Another option users have is to back up their device to iTunes. All you need to do to backup your device to iTunes is plug in your iOS device to your computer running a compatible version of iTunes. Then select the iOS device icon and scroll down the page and select to backup the device using iTunes.

I personally suggest using both iCloud and iTunes. I recently had a customer who lost a very important document on their iPhone. With iCloud’s automatic backups it had already backed up over that document and the only way we were able to recover it was from an iTunes backup.

See more information here.

 
   
     
  The For Loop  
   
 

For many programmers the for loop is a necessity for most programs out there. It is one of the first statements any programmer learns and usually never forgets. This article is to show how this code works, and to get a general understating of it.

In short the for loop takes a value, sometimes an integer, and then iterates it over a range of values until a certain condition is met, usually exceeding a numerical value. It is important to note my code is in the Java programming language. Please see the example below:

class For {
public static void main(String[] args){
for(int i=1; i<6; i++){
System.out.println(“Current Value: “ + i);
}
}
}

As you can see the integer i has the value 1 to start off. The next statement compares i to the value 6, and if it is less than 6, it continues through the for loop. At the end if i is less than 6, it adds 1 to i which is what i++ means. And finally it prints out what is in “ “, Current Value: i. After it prints i, it re-enters the for loop, until i>6, in which case it exits the for loop and proceeds to the next line in your code. So if we were to run this For Loop it would output the following text:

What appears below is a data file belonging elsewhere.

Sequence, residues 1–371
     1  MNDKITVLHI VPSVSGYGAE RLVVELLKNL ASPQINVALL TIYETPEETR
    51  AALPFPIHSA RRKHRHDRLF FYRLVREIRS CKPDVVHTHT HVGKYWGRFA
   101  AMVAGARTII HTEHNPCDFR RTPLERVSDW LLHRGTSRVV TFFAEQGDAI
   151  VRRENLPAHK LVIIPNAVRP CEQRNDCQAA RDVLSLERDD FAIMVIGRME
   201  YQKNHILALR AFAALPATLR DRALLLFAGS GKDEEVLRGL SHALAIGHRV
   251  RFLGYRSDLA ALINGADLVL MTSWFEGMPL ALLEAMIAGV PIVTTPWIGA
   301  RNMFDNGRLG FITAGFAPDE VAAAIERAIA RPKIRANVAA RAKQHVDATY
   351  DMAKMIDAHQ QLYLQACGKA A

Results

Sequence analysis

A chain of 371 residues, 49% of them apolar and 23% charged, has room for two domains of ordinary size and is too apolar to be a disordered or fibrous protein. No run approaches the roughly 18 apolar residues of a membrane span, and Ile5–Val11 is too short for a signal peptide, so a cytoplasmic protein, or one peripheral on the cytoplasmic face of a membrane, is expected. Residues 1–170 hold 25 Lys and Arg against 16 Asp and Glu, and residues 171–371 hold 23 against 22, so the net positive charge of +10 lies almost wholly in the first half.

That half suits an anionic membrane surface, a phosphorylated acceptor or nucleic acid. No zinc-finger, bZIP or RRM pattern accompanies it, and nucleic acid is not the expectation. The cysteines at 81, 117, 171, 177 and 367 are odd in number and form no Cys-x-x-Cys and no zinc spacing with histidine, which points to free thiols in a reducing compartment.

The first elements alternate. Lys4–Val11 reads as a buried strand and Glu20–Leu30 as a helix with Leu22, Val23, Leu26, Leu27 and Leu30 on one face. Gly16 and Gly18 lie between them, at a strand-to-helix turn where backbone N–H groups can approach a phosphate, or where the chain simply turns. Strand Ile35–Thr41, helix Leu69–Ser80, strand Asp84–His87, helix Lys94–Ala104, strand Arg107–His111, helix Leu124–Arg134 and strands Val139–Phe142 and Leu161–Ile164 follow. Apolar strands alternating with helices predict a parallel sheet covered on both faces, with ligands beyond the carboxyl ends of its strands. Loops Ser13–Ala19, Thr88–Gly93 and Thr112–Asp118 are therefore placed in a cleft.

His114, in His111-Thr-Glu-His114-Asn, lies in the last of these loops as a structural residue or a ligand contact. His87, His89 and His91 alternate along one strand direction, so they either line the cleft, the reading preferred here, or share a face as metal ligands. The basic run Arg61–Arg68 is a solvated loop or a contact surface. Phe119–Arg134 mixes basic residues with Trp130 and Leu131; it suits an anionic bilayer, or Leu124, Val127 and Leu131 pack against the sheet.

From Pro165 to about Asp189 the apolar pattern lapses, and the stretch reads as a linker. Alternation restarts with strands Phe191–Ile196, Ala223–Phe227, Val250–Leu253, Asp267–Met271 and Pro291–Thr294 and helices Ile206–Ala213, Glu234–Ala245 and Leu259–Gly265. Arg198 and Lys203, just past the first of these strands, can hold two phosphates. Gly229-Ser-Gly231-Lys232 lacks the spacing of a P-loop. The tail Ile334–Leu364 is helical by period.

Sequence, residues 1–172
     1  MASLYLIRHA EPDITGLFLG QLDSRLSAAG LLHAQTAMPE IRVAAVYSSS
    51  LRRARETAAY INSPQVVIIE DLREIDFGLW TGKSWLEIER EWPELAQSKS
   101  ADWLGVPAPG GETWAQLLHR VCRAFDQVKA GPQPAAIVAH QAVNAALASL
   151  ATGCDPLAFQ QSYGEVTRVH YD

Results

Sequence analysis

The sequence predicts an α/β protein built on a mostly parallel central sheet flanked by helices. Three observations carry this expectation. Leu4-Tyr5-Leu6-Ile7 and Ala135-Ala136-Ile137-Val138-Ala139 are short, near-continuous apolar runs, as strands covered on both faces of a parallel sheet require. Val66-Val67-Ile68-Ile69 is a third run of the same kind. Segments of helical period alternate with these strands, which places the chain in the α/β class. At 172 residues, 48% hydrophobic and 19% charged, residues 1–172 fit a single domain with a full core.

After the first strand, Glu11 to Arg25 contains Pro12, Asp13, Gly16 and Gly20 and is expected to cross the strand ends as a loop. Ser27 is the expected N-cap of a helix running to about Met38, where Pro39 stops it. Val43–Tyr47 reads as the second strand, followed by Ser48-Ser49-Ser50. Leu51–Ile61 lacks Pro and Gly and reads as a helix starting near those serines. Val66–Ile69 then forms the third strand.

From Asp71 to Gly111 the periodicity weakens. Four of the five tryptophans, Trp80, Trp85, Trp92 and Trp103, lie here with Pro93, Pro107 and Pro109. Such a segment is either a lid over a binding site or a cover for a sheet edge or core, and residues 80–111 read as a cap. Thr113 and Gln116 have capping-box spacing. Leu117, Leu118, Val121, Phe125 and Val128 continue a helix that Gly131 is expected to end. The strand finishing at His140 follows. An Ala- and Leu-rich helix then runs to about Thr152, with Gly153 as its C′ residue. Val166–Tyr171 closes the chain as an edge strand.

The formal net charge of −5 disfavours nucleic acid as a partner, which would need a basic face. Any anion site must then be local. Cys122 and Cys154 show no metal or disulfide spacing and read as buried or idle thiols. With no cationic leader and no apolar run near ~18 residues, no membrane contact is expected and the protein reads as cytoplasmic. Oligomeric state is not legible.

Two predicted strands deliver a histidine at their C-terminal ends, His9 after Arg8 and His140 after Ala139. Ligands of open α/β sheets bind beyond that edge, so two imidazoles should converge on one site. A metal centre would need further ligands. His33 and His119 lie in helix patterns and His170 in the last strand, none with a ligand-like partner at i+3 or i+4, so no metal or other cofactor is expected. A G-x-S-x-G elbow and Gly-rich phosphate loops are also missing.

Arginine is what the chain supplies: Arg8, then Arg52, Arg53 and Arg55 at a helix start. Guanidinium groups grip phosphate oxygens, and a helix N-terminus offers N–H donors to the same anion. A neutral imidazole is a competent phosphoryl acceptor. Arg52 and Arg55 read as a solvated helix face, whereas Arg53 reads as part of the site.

Current Value: 1
Current Value: 2
Current Value: 3
Current Value: 4
Current Value: 5

Now you can see and understand how a basic function of a programming language works. There are many statements and loops that can be used and I will go over more of these in future articles. Stay tuned!

 
   
     
  Save $30 On Otterbox Defender Case For iPad Pro - Black  
   
 

Save $30 On Otterbox Defender Case For iPad Pro - Black

99.99

What do 24+ tests and 238+ hours of testing mean to you? They mean your OtterBox case is ready to dive into your day without a second thought – just like you are. OtterBox Certified Drop+ Protection means drops, bumps and fumbles are just the beginning. It means your device is protected from the barrage of wear & tear you subject it to everyday. So go ahead – do what you do and leave the protection to Otterbox.

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  Save $10 On Lexar JumpDrive M20i USB 3.0 to Apple Lightning Flash Drive  
   
 

Save $10 On Lexar JumpDrive M20i USB 3.0 to Apple Lightning Flash Drive

29.99

Easily expand the memory of your iPhone or iPad

With today’s overflow of content (created, captured, and consumed) it’s easy to run out of space on your iPhone or iPad. Now you don’t need to delete your favorite photos and videos to make room for more. The Lexar JumpDrive M20i USB 3.0 flash drive expands the memory of your iOS device. No charging or battery needed, and no network required.

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  Save $10 On Lexar JumpDrive M20i USB 3.0 to Apple Lightning Flash Drive  
   
 

Save $10 On Lexar JumpDrive M20i USB 3.0 to Apple Lightning Flash Drive

44.99

Same deal as above, but with 32GB of storage!

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  Save $10 On Lexar JumpDrive M20i USB 3.0 to Apple Lightning Flash Drive  
   
 

Save $10 On Lexar JumpDrive M20i USB 3.0 to Apple Lightning Flash Drive

74.99

Ok, we get it…32GB is not going to cut it. So here’s 64GB of storage!

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  Save $20 On Kanex USB-C 3-Port Hub with Gigabit Ethernet  
   
 

Save $20 On Kanex USB-C 3-Port Hub with Gigabit Ethernet

39.99

Expand Your new MacBook

Now you can connect your iPhone 6s, iPhone 6s Plus, iPad Pro, iPod, or an external hard drive, even a mouse, and other USB ready devices to your new MacBook. Connect, expand, and increase productivity.

NOTE: This is compatible with the current MacBook only.